Finding the pick of the litter
When the search began, Julie and Bill were dead set on the Leopard 46. They had watched every YouTube video they could find could and read every article about the boat.
The family's mind changed quickly when they stumbled on the newer model. "We were leaving a showing on a Leopard 46 when we walked by a Leopard 48 on the dock. She was equally as beautiful, and she also had a front door. After hours and hours of more research, we decided that the 48 would be the best fit for our family. And our instincts were right! We love having the doors open at anchor for a great breeze, and the 'front porch' as the kids call it, has been a cozy spot to hang when someone might need some alone time," Julie continues, "The bond between sailor and boat is deep. Every time I get a glimpse of Jubilee from the beach or an overlook on a hike, I am in awe that she belongs to us. Several times a week, one of the kids will say, 'I love our boat so much.' We all do!"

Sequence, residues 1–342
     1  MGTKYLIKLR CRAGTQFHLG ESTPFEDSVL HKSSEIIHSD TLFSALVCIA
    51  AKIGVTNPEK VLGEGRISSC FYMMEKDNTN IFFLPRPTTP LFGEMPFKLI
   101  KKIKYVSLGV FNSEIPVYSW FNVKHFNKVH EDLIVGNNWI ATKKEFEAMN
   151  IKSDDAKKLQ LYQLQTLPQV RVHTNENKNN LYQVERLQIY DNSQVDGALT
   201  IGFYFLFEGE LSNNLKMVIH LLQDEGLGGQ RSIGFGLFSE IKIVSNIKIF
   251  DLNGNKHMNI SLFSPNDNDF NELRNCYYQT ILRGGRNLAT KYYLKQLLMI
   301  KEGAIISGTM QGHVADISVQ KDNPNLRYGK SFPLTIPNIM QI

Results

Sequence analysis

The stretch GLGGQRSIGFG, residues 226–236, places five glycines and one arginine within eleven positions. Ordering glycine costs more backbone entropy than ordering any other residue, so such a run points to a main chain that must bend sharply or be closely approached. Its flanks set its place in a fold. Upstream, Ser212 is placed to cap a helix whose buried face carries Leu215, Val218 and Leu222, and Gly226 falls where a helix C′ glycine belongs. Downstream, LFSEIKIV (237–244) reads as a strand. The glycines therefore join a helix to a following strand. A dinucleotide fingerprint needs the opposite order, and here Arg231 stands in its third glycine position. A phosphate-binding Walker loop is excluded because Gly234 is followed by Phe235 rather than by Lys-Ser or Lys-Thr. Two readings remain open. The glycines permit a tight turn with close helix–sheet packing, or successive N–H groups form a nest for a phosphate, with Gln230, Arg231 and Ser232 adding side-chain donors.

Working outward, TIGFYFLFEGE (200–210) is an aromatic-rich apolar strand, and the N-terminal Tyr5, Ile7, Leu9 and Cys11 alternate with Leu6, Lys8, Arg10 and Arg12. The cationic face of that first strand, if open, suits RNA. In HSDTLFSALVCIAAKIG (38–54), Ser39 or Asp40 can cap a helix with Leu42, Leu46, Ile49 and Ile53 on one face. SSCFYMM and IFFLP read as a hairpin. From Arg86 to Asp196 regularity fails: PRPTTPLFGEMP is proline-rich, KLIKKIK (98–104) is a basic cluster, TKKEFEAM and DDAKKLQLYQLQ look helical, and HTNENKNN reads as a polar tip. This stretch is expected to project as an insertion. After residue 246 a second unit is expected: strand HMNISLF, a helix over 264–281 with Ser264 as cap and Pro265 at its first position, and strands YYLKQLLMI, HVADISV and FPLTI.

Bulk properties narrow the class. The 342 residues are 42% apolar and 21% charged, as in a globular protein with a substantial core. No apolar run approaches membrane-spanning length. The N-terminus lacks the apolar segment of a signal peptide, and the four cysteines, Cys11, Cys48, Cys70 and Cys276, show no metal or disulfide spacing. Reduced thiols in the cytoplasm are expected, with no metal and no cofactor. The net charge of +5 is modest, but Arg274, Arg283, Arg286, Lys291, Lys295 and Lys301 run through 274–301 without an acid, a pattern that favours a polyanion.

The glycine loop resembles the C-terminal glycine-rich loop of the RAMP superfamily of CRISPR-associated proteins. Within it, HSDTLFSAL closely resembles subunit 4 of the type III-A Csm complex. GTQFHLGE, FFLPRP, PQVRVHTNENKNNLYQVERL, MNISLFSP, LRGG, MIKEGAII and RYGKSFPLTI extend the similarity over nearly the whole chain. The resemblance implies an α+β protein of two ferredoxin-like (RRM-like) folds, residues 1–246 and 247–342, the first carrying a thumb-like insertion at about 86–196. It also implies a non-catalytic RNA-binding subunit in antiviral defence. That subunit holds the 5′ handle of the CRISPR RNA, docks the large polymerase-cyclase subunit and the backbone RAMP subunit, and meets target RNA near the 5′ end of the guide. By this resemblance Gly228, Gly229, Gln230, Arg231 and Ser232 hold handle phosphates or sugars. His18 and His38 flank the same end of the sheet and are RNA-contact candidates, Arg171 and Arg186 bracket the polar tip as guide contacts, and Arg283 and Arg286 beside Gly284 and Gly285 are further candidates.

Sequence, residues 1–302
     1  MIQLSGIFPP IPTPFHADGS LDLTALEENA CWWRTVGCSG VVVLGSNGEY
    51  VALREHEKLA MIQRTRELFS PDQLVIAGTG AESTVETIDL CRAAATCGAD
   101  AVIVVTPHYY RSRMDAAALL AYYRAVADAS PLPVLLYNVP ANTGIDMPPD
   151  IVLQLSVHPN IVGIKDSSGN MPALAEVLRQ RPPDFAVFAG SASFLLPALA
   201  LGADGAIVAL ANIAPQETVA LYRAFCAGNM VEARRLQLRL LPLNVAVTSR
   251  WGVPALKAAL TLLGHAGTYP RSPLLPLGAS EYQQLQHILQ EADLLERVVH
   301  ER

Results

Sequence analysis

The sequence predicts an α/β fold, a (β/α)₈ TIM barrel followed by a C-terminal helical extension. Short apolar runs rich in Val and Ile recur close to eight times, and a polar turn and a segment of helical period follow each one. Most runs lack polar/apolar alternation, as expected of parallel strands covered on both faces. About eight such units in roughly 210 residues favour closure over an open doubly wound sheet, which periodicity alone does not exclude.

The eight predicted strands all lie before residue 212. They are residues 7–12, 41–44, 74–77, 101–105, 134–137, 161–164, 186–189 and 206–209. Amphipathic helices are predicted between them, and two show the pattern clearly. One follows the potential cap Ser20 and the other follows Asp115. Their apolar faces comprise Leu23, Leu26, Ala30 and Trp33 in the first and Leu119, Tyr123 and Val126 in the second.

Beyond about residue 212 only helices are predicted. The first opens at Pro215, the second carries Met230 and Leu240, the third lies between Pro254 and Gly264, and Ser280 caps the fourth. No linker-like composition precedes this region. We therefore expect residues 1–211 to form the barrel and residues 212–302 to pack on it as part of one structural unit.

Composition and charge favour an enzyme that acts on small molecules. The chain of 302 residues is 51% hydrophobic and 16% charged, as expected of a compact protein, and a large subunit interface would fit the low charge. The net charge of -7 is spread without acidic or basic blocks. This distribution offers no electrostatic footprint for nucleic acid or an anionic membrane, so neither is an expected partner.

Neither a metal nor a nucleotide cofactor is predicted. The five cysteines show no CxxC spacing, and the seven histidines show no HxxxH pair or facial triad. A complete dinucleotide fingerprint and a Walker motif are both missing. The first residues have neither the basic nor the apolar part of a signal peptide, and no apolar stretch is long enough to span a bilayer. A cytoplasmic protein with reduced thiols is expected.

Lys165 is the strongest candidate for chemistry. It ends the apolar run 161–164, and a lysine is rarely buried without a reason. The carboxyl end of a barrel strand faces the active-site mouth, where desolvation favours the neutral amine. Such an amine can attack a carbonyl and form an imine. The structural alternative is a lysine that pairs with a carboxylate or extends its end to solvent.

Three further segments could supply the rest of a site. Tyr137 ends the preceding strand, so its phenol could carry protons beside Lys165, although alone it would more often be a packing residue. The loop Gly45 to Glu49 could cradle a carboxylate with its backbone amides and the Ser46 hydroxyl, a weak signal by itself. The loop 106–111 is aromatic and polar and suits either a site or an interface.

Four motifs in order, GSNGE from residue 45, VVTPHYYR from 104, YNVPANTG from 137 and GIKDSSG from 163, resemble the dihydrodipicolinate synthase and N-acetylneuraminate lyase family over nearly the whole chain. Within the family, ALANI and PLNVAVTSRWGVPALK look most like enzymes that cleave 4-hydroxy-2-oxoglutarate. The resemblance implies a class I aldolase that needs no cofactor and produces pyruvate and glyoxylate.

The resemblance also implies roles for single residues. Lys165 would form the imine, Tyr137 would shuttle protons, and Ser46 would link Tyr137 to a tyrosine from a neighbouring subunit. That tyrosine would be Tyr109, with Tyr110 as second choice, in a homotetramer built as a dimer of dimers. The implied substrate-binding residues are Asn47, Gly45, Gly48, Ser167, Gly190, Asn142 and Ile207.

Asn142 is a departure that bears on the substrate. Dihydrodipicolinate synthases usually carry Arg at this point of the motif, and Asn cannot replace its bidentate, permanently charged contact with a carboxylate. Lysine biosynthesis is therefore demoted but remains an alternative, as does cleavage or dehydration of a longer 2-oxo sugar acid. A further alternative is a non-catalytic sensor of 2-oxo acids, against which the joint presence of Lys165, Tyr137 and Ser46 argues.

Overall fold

The transition to boat life
As you can suspect, for many cruising families, making the change can be a difficult one at first. Your children don't want to say goodbye to their friends or they don't want to miss out on playing sports, whatever the case may be, at the end of the day you need the confidence to know that the reward will be greater than any risk.
While it may be difficult for some families, this was not the case for the Boucek family. " I’m almost hesitant to say this because maybe we are still in the honeymoon phase, but the transition to full-time liveaboard life was nearly seamless for us. Our family genuinely enjoys hanging out together, and we all love to explore and learn new things. Moving onto a boat has provided so many opportunities to make memories together as a family, and after spending three years with Bill traveling every week for work, I think the payoff of this family time makes up for any sacrifices we have to make," Julie adds, "Keeping up with friends back home has certainly been a challenge out here, but we do the best we can and plan to spend time together when we are back on the East Coast for hurricane season."